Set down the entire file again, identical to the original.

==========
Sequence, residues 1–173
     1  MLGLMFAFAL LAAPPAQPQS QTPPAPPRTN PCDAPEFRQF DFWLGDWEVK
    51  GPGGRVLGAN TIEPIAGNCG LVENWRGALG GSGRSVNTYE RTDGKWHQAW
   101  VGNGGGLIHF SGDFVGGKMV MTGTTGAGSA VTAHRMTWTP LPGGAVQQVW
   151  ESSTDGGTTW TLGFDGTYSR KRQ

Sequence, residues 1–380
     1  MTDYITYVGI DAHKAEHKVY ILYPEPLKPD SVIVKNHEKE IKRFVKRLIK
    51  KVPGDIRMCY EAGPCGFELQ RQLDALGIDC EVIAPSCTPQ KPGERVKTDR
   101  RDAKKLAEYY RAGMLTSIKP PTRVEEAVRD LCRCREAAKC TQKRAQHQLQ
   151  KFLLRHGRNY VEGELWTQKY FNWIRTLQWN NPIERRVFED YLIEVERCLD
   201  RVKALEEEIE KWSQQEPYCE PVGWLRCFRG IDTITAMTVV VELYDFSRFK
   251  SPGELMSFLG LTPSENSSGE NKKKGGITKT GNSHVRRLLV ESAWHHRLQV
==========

Sequence, residues 1–173
     1  MLGLMFAFAL LAAPPAQPQS QTPPAPPRTN PCDAPEFRQF DFWLGDWEVK
    51  GPGGRVLGAN TIEPIAGNCG LVENWRGALG GSGRSVNTYE RTDGKWHQAW
   101  VGNGGGLIHF SGDFVGGKMV MTGTTGAGSA VTAHRMTWTP LPGGAVQQVW
   151  ESSTDGGTTW TLGFDGTYSR KRQ

Sequence, residues 1–380
     1  MTDYITYVGI DAHKAEHKVY ILYPEPLKPD SVIVKNHEKE IKRFVKRLIK
    51  KVPGDIRMCY EAGPCGFELQ RQLDALGIDC EVIAPSCTPQ KPGERVKTDR
   101  RDAKKLAEYY RAGMLTSIKP PTRVEEAVRD LCRCREAAKC TQKRAQHQLQ
   151  KFLLRHGRNY VEGELWTQKY FNWIRTLQWN NPIERRVFED YLIEVERCLD
   201  RVKALEEEIE KWSQQEPYCE PVGWLRCFRG IDTITAMTVV VELYDFSRFK
   251  SPGELMSFLG LTPSENSSGE NKKKGGITKT GNSHVRRLLV ESAWHHRLQV